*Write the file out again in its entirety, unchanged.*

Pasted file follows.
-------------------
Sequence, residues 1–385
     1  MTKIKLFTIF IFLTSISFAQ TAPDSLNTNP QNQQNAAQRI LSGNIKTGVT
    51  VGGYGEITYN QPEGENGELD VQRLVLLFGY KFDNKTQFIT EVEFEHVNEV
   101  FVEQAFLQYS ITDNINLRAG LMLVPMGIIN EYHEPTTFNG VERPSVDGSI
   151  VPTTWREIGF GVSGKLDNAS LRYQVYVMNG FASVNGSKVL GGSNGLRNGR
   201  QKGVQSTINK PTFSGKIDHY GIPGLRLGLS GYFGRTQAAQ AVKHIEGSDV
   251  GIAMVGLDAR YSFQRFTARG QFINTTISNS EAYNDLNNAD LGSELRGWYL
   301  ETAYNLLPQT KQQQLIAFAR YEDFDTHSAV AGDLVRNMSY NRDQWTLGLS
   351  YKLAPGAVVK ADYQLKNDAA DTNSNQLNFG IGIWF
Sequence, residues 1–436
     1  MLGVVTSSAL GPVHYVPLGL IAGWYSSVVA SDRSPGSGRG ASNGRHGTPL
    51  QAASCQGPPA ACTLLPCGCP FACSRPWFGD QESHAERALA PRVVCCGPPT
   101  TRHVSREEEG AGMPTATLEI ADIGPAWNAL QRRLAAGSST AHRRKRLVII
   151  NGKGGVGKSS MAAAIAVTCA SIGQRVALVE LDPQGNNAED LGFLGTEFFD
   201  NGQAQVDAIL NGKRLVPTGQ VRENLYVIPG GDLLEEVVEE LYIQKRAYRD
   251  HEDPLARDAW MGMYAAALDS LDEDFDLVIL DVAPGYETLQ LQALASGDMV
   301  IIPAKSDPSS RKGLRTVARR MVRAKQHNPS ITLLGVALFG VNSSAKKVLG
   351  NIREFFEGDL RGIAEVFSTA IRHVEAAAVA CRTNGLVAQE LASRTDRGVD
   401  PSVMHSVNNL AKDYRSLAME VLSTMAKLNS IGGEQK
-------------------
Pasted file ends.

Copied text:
Sequence, residues 1–385
     1  MTKIKLFTIF IFLTSISFAQ TAPDSLNTNP QNQQNAAQRI LSGNIKTGVT
    51  VGGYGEITYN QPEGENGELD VQRLVLLFGY KFDNKTQFIT EVEFEHVNEV
   101  FVEQAFLQYS ITDNINLRAG LMLVPMGIIN EYHEPTTFNG VERPSVDGSI
   151  VPTTWREIGF GVSGKLDNAS LRYQVYVMNG FASVNGSKVL GGSNGLRNGR
   201  QKGVQSTINK PTFSGKIDHY GIPGLRLGLS GYFGRTQAAQ AVKHIEGSDV
   251  GIAMVGLDAR YSFQRFTARG QFINTTISNS EAYNDLNNAD LGSELRGWYL
   301  ETAYNLLPQT KQQQLIAFAR YEDFDTHSAV AGDLVRNMSY NRDQWTLGLS
   351  YKLAPGAVVK ADYQLKNDAA DTNSNQLNFG IGIWF
Sequence, residues 1–436
     1  MLGVVTSSAL GPVHYVPLGL IAGWYSSVVA SDRSPGSGRG ASNGRHGTPL
    51  QAASCQGPPA ACTLLPCGCP FACSRPWFGD QESHAERALA PRVVCCGPPT
   101  TRHVSREEEG AGMPTATLEI ADIGPAWNAL QRRLAAGSST AHRRKRLVII
   151  NGKGGVGKSS MAAAIAVTCA SIGQRVALVE LDPQGNNAED LGFLGTEFFD
   201  NGQAQVDAIL NGKRLVPTGQ VRENLYVIPG GDLLEEVVEE LYIQKRAYRD
   251  HEDPLARDAW MGMYAAALDS LDEDFDLVIL DVAPGYETLQ LQALASGDMV
   301  IIPAKSDPSS RKGLRTVARR MVRAKQHNPS ITLLGVALFG VNSSAKKVLG
   351  NIREFFEGDL RGIAEVFSTA IRHVEAAAVA CRTNGLVAQE LASRTDRGVD
   401  PSVMHSVNNL AKDYRSLAME VLSTMAKLNS IGGEQK